An Overview of US State Budgets and Municipal Bonds

As COVID-era funding boosts come to a close, US state and local governments are facing some challenges. However, they have many tools with which to tackle them, according to Jennifer Johnston, Franklin Templeton Fixed Income’s Director of Research, Municipal Bonds. She provides her latest outlook.

In January, we discussed the start of the US state budget season and what we were seeing from one large state, California. As May 2023 ends and state legislatures get to work on budgets, we want to provide an update on what we are seeing and what we believe it could mean for muni credit.

We wrote about California extensively in January. We highlighted the projected deficit and described how California’s revenue volatility comes largely from its dependence on high-income earners and how all states could see slower revenue growth and potential budget deficits if the US economy slows. California just released its mid-May budget update (called the “May Revision”), which tells a story of further revenue slowing and an increased budget deficit. This update doesn’t come as a surprise to us, nor are we worried at this point. In fact, many states and some large local governments have released similar news over the past few weeks, and we want to outline what we think this means for muni credit.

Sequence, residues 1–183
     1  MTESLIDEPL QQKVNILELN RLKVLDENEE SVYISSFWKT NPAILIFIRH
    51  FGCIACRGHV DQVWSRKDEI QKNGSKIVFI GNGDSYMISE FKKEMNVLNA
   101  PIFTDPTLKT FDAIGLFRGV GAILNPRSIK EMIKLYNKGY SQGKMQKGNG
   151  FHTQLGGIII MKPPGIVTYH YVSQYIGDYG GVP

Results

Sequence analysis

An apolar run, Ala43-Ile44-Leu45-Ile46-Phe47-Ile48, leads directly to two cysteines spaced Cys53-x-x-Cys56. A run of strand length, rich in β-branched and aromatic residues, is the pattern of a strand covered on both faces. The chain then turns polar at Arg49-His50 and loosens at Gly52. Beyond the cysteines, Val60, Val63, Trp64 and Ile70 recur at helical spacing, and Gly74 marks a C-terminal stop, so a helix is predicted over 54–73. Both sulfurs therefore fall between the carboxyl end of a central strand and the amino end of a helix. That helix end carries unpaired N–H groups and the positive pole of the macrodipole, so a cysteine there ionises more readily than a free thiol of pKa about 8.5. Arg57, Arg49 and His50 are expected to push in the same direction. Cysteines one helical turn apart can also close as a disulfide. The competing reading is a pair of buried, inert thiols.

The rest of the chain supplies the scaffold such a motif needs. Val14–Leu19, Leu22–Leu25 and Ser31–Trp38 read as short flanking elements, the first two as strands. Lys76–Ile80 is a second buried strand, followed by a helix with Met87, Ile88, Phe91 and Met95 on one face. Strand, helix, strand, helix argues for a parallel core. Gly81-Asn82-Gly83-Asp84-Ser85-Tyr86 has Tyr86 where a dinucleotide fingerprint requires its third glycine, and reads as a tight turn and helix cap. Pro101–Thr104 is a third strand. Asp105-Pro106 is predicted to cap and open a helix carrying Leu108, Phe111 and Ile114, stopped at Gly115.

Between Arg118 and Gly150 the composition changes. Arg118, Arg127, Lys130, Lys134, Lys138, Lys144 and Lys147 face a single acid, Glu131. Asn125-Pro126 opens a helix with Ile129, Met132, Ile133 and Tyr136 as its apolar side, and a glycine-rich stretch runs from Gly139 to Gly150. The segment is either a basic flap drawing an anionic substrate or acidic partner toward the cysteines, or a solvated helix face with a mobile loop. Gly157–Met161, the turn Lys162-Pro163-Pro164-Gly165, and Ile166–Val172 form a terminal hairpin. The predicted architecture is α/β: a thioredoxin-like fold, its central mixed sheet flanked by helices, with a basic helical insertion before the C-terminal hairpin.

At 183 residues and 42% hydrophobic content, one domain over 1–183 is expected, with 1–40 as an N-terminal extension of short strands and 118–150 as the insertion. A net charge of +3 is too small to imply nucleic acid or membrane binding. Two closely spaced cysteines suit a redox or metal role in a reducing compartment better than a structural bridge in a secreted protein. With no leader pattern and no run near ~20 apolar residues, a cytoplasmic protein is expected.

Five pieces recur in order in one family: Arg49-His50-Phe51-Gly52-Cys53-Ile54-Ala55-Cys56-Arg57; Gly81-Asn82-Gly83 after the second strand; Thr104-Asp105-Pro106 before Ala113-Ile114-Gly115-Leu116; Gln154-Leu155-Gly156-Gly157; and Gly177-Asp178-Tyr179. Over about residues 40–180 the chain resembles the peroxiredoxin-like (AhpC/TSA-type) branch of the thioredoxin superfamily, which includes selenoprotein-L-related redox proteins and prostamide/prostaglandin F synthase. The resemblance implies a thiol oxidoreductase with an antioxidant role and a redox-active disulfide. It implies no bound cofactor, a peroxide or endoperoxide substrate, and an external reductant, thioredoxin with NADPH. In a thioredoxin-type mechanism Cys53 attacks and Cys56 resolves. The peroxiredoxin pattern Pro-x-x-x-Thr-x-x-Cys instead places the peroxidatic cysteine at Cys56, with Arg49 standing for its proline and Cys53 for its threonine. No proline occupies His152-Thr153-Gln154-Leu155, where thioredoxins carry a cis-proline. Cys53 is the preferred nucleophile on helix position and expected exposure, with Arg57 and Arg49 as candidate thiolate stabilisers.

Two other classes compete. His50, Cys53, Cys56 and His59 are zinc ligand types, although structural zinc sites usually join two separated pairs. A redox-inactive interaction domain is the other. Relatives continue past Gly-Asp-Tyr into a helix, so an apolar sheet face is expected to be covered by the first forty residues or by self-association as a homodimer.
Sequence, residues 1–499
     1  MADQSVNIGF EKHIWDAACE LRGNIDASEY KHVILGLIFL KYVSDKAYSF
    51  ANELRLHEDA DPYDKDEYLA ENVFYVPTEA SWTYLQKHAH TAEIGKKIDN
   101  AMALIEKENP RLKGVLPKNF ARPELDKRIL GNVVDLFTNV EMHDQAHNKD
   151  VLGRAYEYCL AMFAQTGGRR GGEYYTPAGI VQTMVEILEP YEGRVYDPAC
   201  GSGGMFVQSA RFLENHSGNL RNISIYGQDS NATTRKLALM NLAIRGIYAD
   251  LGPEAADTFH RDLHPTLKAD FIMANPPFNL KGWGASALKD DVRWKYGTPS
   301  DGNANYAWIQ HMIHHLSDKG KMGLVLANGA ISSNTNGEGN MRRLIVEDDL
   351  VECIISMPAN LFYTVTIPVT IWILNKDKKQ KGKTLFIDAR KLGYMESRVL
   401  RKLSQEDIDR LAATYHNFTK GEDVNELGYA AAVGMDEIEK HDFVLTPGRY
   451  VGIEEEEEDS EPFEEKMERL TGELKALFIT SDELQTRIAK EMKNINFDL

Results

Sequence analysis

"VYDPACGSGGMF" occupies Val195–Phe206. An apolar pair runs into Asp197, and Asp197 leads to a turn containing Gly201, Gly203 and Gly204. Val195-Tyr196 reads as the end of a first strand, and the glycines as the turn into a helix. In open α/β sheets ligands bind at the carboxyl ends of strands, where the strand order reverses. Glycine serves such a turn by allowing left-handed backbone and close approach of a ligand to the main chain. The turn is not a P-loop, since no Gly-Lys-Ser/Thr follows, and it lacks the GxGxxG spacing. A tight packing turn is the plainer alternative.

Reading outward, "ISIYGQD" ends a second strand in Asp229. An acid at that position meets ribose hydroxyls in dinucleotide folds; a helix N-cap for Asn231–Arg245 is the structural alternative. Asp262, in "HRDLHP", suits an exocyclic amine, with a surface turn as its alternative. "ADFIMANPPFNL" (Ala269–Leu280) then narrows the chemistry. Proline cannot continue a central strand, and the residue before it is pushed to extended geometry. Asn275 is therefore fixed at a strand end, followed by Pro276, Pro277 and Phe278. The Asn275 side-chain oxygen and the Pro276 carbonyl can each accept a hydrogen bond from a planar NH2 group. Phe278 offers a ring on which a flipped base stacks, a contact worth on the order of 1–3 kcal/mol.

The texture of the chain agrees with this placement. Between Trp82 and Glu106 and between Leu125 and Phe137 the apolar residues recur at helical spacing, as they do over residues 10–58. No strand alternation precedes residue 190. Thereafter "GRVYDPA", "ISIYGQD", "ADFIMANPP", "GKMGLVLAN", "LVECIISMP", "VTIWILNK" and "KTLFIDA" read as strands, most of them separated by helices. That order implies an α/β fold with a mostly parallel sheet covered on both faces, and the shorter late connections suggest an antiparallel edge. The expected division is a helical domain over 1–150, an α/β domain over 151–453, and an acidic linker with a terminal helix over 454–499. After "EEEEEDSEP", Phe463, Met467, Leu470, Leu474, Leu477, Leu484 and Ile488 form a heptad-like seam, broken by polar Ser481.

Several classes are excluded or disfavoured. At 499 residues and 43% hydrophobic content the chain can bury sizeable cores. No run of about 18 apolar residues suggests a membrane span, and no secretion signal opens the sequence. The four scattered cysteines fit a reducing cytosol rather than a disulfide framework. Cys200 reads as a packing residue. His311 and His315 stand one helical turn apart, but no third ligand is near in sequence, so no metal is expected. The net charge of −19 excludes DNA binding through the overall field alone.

What are states saying?

California reported that its deficit has grown by US$9.1 billion since January, and New Jersey recently announced it decreased its forecast for income tax revenue by US$2.3 billion as April payments came in lower than expected. Illinois reported that tax revenue in April was US$1.84 billion lower than it was a year earlier. And at a more local level, there are reports that New York City has seen a US$1.6 billion increase in its budget gap just since April. How worried are we?